MINNEAPOLIS (WCCO) – Harry Truman was President and the North Atlantic Treaty Organization was signed. The year was 1949, the same date WCCO-TV went on the air. Monday marks 70 years of broadcasting here.
Liz Collin sat down with some familiar faces who shared their favorite memories and the secrets to staying relevant in a now-crowded media field.READ MORE: 'Age Has To Be Talked About': A Look At Firearm Age Requirements In Minnesota
“It’s incredible when you think about the history of what’s gone on not only in this building, but the original building on 9th and LaSalle,” Mark Rosen said.
Perhaps no one knows that history better than the guy who spent a half-century working here.
“Something went off in my head that said I don’t know why, but maybe I’d like to do that someday,” Rosen said.
Rosen walked into the Radio City Theater, our original home, as a high school kid ready to start his career. In 1983, Rosie was there to make the move to Nicollet Mall.
“It resonates with people that somewhere in their family somebody grew up watching WCCO Television,” Rosen said.
“Well, the first thing that strikes me is that when I got there it was only 29 years old. And now it’s 70. That’s a little daunting to think about that,” Don Shelby said.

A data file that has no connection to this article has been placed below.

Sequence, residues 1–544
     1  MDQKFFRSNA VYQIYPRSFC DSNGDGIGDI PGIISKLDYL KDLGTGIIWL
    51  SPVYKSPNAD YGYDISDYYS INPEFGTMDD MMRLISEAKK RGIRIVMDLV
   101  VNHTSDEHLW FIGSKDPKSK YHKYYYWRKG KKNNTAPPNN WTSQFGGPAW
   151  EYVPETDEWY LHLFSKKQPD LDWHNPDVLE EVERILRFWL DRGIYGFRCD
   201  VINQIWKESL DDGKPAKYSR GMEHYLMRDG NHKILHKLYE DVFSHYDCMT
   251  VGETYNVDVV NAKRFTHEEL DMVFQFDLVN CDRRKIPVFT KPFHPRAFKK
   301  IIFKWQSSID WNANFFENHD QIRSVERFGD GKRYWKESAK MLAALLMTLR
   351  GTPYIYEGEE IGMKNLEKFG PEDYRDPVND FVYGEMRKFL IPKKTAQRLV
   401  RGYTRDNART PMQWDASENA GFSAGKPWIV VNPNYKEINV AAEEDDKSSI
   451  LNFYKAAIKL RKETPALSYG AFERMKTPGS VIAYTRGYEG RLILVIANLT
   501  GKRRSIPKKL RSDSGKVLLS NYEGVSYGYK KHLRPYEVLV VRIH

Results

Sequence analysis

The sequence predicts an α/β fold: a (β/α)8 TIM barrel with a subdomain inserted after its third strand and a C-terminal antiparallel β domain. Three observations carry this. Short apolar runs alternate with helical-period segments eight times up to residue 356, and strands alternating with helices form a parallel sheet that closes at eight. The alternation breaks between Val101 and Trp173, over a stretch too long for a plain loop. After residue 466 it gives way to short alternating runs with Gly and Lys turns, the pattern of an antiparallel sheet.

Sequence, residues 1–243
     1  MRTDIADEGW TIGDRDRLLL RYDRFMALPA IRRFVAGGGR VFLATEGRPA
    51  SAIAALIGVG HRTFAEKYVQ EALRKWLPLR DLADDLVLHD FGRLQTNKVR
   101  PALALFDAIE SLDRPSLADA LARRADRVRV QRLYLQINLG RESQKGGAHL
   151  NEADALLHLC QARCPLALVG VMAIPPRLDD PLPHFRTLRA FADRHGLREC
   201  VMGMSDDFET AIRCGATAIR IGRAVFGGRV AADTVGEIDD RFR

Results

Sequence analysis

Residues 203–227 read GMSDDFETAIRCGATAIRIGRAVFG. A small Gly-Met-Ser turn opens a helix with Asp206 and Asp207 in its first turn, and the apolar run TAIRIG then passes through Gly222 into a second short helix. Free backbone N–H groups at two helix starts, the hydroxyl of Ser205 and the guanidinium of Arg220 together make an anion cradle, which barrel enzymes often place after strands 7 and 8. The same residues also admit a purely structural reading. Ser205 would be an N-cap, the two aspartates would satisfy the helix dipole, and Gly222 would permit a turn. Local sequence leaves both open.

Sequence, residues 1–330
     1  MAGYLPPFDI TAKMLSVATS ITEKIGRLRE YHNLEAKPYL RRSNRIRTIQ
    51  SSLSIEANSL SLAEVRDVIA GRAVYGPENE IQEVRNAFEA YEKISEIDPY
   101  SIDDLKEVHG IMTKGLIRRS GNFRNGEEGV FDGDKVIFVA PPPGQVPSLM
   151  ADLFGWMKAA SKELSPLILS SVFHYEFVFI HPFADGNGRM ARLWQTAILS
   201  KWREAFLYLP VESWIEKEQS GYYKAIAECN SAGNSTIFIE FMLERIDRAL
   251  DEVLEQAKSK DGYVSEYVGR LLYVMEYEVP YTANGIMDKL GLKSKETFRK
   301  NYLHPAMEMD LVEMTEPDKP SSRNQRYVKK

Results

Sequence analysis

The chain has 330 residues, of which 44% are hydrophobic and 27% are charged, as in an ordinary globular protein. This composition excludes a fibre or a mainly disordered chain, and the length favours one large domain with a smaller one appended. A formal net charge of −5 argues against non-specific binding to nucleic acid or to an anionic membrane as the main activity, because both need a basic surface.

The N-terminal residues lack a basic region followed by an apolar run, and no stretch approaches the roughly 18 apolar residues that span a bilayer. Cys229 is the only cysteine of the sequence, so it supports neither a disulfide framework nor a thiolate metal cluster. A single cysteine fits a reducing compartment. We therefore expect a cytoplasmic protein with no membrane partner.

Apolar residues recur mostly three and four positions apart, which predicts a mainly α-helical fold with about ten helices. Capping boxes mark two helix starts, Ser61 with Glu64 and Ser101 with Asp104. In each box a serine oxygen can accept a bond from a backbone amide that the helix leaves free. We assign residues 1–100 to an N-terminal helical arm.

While the years have passed, Shelby’s passion for the station that gave him 32 storied years as an anchor and investigative reporter has not.
“When I think about WCCO-TV, it was the greatest thing that ever happened to me. Just absolutely the greatest thing that ever happened to me,” Shelby said.READ MORE: 8 Great Danes Rescued From Minivan In Western Minnesota: 'The Worst We've Seen In A Long Time'
“Whatever I was as an anchorperson, I stole wholesale from Dave Moore,” Shelby added.
It was Moore who captained the ship for 47 years. He launched the 10 p.m. after Walter Cronkite turned down the job. Shelby considers Moore a trailblazer who set the tone on the air and in the newsroom.
“WCCO stands for something beyond journalism and community involvement. It does kind of stand for family,” Shelby said.
“Obviously, we’re married to each other so we are a family. But, even before that, just co-workers, my co-anchors – we genuinely like each other. That is something you cannot fake,” Amelia Santaniello said.
“I’m not sure that a married couple works in every television market across the country, but it’s kind of a reflection on our community. We’re a close-knit group, we’re a close-knit station,” Frank Vascellaro added.
WCCO is a station known around the country, for decades launching reporters to the network. Still, there is loyalty in a profession where turnover can be common.
“The dedication, the pride, all that, it’s not a cliché, it’s true. I think that’s why people stayed because they really enjoyed coming to work here,” Rosen said.
As we look ahead to a new generation growing up with constant information, our commitment to news and making a connection remains.
“I think it’s needed more today than ever before because of the impersonal nature of the world that we live in,” Rosen said.MORE NEWS: 84-Year-Old Wisconsin Woman Found Safe After Authorities Ask For Public's Help
“‘CCO will live forever – in the state of Minnesota, in the hearts of people and certainly in mine,” Shelby said.